I was able to build up to setting a personal best of 75 minutes alternating regularly between fast and even faster intervals.

    Yesterday, I went back on the bike for the first in nearly six weeks, focussing on those same intervals but I had to come off after only six minutes. My legs felt like lead and I was wheezing.

    This didn't really bother me because the first ten minutes are by and away the hardest anyway and, with perseverance, I'll be able to do 45 minutes without too much fuss like I've done before.

    But (and sorry for the unpleasant physical detail) I was coughing a bit today and brought up some phlegm.

    My first assumption was that I've got a cold which I probably had when I went on the bike yesterday or could it actually be a reaction to going on the bike again?
     
  8. DavidC77

    DavidC77 Active Member Full Member

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    Just five days later, I was able to spend 30 minutes on the bike alternating regularly between fast and even faster intervals.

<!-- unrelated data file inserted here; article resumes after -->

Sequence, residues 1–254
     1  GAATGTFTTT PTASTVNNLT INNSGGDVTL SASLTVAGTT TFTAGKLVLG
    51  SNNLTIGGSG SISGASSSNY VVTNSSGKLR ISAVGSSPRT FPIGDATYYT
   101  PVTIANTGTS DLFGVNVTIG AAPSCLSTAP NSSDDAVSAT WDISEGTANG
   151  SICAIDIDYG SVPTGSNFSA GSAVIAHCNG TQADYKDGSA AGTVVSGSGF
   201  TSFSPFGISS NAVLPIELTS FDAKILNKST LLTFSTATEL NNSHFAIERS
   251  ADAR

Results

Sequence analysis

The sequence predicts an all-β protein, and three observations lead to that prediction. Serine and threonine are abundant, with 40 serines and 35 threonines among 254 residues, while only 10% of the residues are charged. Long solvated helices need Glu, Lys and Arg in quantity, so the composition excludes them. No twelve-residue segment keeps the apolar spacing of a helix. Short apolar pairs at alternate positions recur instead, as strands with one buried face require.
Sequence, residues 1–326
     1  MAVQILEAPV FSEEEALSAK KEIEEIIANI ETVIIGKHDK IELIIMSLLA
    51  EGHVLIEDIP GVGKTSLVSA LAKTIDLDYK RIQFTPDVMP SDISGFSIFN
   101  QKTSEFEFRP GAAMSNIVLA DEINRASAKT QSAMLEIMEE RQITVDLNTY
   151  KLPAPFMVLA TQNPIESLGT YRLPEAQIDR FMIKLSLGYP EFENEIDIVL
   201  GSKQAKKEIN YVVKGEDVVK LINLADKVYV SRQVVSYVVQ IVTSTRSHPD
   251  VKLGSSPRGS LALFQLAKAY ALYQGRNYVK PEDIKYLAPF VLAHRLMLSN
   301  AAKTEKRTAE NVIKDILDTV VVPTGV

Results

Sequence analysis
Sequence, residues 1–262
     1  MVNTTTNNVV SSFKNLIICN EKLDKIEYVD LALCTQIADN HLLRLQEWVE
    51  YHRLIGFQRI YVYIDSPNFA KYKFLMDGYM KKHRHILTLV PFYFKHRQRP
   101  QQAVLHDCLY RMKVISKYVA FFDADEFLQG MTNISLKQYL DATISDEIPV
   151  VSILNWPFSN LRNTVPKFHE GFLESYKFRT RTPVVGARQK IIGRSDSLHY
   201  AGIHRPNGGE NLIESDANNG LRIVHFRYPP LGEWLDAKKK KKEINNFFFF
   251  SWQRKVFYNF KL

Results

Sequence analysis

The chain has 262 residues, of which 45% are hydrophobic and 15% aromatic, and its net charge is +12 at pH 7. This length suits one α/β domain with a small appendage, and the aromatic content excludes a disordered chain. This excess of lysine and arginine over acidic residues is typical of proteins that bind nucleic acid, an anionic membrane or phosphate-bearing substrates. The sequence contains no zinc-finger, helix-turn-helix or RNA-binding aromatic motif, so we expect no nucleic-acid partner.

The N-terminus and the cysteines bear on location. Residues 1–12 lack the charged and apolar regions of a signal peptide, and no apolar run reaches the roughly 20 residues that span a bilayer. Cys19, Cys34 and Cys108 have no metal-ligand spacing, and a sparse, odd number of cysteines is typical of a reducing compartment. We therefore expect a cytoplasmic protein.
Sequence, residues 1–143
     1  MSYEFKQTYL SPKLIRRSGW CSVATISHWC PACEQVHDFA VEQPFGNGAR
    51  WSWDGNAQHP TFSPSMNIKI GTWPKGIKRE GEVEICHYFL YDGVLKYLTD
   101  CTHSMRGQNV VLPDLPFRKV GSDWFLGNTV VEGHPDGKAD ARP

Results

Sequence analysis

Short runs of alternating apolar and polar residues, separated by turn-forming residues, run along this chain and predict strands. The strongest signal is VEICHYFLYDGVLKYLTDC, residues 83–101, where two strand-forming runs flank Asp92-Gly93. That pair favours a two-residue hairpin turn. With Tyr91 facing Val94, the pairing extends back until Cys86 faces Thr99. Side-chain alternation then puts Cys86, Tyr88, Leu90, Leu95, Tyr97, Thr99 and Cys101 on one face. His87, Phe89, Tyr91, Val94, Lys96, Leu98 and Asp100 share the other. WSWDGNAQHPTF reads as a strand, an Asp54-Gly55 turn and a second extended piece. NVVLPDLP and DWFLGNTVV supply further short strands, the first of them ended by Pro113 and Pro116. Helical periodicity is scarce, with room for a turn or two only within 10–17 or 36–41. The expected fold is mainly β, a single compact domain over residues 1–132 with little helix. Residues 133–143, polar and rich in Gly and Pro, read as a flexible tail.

It's amazing how the body adapts.
     
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  9. sasto

    sasto Boxing Addict Full Member

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    I had the same thing where I was feeling bad the first 10 or so minutes then kind of mediocre after.

    What helped me was doing something to really get my heart rate up before I start. Jumping jacks, jump squats, half burpees, whatever works for you.

    Then my pace became naturally faster and it felt a lot better.
     
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  10. DavidC77

    DavidC77 Active Member Full Member

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    The first 10 minutes are definitely the hardest.

    It's as though my lungs need that time to catch up with my legs.
     
  11. sasto